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Interview with Jimmy Needham

A couple days ago, I got the awesome chance to talk to my hero, Jimmy Needham. Turns out, he is an awesome dude! We talked about his music, his roots as a Texas soulster, and why he does what he does. You can pick up his new album “Clear the Stage” in stores and on iTunes now!

Where are you from?

“I’m a Texas boy through and through man. I grew up in Dallas, and relocated to Houston with my family when I got married.”

When did you start playing music?

“Professionally about 7 years ago. But I’ve loved music my whole life.”

Your new album “Clear the Stage” just came out about a month ago. How was the writing process for this record different than the writing process of your previous ones?

“Well, I get song lyrics in my head all the time and I’ll record them on my iPhone. And I’m always playing guitar and then try to marry the two. Co-writing with Ed Cash has been great. I don’t ever want to give off the vibe that my way is the only way that works.”

Who are some of your biggest influences in your life? Both in your personal life, and with your music?

“A lot of the musicians that have impacted me with their music have also impacted my personal walk. Ben Stuart speaks for an on campus ministry at Texas A&M and he is the one who taught me how to love people and just love the Word. Shane and Shane, Ross King, Derek Webb, Lecrae, these are guys that are so comfortable with challenging the status quo of Christianity.”

How did you and your wife meet?

“We were at Texas A&M. I heard that she played violin, that she loved Jesus,  and that she was smokin’ hot. I asked her to be play in my band, and then I asked her to start dating me. And a couple months later, I asked her to started marrying me. We sought counsel and got green lights from all the people in our lives and got married. From 1st date to “I do,” it was nine months.”

What is your favorite food?

“That’s easy. Chipotle. I eat there and honestly it makes me a better husband.”

Have you ever had any embarrassing moments while you’re out on the road?

“Oh absolutely. That’s all my life is, one big embarrassing moment. I was playing in Jacksonville, Florida, at Celebration Church and I was playing for a college group. There were maybe 300 in the church and I got up to go up on stage and decided to just jump up on stage instead of taking the stairs. My feet clipped the front of the stage and I fell face down right on the front of the stage. And the worst part was, it was just me. It wasn’t like the band was playing in the background, just introduction, run run run, face plant. And I tried to make it into a joke, so instead of getting up right away, I just laid there for about 30 seconds. Instead of being funny it was just awkward.”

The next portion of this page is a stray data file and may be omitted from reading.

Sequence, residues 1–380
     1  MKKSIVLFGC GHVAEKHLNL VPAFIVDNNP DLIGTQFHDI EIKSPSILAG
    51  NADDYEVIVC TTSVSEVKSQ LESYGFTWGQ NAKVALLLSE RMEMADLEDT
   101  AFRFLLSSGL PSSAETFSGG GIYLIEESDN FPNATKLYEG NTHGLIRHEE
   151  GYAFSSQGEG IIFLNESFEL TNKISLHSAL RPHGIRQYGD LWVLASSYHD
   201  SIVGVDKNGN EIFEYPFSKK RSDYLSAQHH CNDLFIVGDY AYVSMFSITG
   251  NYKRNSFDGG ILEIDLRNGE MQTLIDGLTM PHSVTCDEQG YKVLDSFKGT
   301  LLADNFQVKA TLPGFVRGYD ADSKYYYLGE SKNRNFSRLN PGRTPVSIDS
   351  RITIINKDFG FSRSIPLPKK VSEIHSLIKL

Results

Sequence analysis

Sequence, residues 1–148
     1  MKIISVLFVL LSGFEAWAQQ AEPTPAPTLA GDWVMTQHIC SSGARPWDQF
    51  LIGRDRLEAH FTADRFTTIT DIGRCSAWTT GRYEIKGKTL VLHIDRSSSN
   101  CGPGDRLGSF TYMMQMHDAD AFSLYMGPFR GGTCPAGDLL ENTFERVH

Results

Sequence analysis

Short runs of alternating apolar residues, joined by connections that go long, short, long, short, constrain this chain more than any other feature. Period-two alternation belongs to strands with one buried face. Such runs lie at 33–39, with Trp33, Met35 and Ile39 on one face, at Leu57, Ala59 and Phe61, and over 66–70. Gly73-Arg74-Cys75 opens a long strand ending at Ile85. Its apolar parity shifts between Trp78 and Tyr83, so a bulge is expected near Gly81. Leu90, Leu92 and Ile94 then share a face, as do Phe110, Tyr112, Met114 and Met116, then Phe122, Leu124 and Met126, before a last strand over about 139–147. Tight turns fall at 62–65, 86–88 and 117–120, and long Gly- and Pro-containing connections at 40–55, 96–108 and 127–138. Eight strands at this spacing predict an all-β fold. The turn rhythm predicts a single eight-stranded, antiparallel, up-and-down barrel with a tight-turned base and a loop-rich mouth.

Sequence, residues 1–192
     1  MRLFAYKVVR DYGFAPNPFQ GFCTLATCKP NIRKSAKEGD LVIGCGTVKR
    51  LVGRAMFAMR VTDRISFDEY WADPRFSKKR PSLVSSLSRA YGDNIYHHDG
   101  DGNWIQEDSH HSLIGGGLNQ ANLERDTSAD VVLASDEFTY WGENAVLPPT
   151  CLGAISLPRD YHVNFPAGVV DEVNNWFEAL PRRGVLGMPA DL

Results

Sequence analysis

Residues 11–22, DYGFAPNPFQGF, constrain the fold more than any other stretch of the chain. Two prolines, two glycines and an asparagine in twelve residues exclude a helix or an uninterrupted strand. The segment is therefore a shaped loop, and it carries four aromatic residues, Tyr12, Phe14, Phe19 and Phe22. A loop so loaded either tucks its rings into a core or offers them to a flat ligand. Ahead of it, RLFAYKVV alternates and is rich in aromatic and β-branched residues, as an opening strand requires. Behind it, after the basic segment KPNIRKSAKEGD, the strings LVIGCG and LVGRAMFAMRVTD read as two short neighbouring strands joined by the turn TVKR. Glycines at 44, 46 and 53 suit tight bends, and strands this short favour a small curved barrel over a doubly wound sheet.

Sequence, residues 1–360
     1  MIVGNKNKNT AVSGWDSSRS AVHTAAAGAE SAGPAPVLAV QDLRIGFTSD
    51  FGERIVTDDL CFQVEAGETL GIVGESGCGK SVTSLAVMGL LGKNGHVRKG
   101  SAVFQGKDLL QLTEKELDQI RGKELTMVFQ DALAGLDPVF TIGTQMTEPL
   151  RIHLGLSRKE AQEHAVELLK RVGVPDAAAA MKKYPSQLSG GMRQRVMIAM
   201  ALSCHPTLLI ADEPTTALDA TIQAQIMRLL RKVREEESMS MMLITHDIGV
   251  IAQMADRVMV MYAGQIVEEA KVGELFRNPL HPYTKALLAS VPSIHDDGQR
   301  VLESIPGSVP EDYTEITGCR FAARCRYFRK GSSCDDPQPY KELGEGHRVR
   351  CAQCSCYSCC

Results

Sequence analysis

What about most awkward encounter with a fan?

“You have to have an awkward encounter with a fan in order to be an artist. There’s some super Jimmy Needham nerds that bring posters of my face or have pictures that they drew. The awkward moment occurs when the fan hands me a picture that they took 5 hours to draw and stare at and I don’t know what to do with it.”

How do you decide which songs make it on to your records, and which ones don’t?

“Pretty much all of my songs make it on to my records. I don’t mean that arrogantly but it’s just that I don’t write that many songs. When I come to a record that I need 10 songs for, it’s mostly me bringing 9 songs and I usually write one in the studio. Pretty much every album you’ve heard is all the songs I’ve written in my studio. It’s a humbling thing to come to a record and go “I don’t know if I have any songs for this record.” and to truly rely on God for it.”

What is your biggest pet-peeve?

“Do I have any pet peeves? Hmmm. That’s a tough one. It’s actually kinda lame. I would have to say that my pet-peeve would have to be when I’m in the turning lane, and there is a car in front of me that isn’t turning, and I totally would have been able to turn if I would have just been in front of him. It’s lame, I know. But it’s annoying!”

Were you always this smooth, jazzy, soulster? Or was high-school Jimmy a bit different?

“I think I started really coming into my own vibe about late high school early college. I would say that most of my influences were very motowny very soulful. I listened  to a lot of Stevie Wonder, B.B. King, and Johnny Lang, so that definitely helped form that side of me. Actually, about 3-4 of the songs on my first record were written when I was a junior in High School.”

 

Author:

My name is Branden Brown! I from Florida, but I live in New York! I love to play and write music, and play basketball. I’m passionate about People, Music, Sports, and Jesus!. 


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